For events at dawn, we suggest you begin viewing at least one hour before sunrise. For events at dusk, look one hour after sunset except when noted.

June 1 at dawn: The moon, nearly three days past full, is in the south-southwest at dawn, 5 degrees east (to the upper left) of Saturn and 23 degrees west (to the lower right) of Mars. Evening: Try to spot Saturn rising before Venus sets. Both are 4 degrees above opposite horizons about 2.2 hours after sunset. Three hours after sunset: The moon, just risen in the east-southeast, is 15 degrees to the lower left of Saturn.

June 2 at dawn: The waning gibbous moon is in the south to south-southwest, with Mars 12 degrees to the left, and Saturn 17 degrees to the lower right. Four hours after sunset: The moon, very low in the east-southeast, has Mars within 3 degrees to its lower right, and Saturn 27 degrees to its upper right.

June 3 at dawn: The moon is in the south, with Mars 2-3 degrees below. Saturn is 29 degrees to the lower right of the moon.

June 6-8 at dusk: A week after forming an isosceles triangle with the “Twin” stars Pollux and Castor, Venus now passes within 5 degrees to the lower left of Pollux. Look nightly, and see Venus move!

June 7-12, before dawn: The Martian south polar cap, where spring has recently begun, is now tipped 4-5 degrees toward the sun and a favorable 15 degrees into our view from Earth. The frozen carbon-dioxide polar cap is still near its maximum extent. Using your telescope with as high of a magnification as atmospheric conditions allow, look for a large bright area near the southern edge of Mars’ reddish disk. These mornings, the prominent dark marking Syrtis Major, the first Martian feature to be recorded in early telescopic observations, will appear near the center of the Martian disk on June 7 at 1:43 a.m., and about 38 minutes later each successive morning, until 4:54 a.m. on June 12. Around these times, Mars is well-placed in our sky for telescopic observation. Catch views of Syrtis Major up to two hours away from those times, provided Mars isn’t too low, or you don’t run into daylight.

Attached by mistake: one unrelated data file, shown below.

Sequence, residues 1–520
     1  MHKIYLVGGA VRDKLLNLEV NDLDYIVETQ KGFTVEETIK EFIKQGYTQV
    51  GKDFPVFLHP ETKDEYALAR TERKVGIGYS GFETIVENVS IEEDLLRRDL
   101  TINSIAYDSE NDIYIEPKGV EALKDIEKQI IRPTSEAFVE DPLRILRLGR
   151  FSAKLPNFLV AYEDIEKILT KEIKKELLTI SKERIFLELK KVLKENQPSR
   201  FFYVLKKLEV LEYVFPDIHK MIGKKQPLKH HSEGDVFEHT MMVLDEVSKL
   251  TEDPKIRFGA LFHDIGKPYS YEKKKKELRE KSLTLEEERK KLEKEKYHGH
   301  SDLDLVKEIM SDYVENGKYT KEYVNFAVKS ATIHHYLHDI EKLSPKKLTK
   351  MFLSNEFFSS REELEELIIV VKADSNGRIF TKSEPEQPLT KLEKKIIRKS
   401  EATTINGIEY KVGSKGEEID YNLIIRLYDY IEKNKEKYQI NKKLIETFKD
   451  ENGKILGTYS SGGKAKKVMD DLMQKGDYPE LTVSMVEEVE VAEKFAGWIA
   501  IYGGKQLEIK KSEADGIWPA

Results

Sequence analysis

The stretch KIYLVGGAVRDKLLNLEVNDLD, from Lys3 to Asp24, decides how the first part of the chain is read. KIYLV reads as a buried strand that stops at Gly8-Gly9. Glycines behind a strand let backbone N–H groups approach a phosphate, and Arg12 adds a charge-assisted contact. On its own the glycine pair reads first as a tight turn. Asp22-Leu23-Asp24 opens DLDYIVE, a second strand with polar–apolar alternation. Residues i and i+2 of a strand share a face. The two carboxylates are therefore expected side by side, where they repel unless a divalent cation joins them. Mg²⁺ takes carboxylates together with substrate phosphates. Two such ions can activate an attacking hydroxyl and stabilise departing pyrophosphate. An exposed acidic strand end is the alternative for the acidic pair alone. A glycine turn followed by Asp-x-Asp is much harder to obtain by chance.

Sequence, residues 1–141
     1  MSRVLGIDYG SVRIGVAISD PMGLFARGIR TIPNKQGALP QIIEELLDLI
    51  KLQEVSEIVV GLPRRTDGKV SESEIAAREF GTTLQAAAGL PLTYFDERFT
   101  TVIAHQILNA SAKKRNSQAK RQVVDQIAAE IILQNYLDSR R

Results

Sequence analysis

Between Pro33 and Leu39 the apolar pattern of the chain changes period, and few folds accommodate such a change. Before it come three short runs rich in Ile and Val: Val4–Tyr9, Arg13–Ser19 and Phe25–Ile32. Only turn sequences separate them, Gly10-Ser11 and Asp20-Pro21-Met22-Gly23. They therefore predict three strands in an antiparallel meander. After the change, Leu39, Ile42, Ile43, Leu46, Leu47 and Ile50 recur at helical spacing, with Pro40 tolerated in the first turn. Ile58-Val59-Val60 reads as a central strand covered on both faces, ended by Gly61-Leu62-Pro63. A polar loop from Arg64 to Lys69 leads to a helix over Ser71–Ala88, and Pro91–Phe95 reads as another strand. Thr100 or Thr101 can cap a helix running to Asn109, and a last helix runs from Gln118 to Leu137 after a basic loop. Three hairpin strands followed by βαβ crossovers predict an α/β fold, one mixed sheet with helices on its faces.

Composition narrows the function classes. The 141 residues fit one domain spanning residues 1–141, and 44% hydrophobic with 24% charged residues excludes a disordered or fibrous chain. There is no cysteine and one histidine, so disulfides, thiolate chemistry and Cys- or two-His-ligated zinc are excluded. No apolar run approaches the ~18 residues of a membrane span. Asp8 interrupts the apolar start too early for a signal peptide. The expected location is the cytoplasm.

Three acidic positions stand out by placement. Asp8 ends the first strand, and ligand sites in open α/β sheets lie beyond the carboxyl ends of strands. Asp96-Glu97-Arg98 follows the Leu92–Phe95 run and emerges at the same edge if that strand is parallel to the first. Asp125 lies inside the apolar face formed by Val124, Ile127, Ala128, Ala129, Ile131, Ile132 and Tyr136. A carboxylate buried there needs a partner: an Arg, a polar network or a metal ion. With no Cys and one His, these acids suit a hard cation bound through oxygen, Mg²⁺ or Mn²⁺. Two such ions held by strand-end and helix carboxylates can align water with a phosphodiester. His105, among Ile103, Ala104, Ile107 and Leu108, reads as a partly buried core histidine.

June 11 at dawn: The moon is very low in the east-northeast to east. Use binoculars to spot the Pleiades cluster 15 degrees to the left of the rising moon.

June 12, 35 minutes before sunrise: Try to find the very old, thin crescent moon, 3 percent full, less than 3 degrees up, 17 degrees north of east.

June 13: The new moon, arriving at 12:43 p.m. is not visible today, neither at dawn nor at dusk.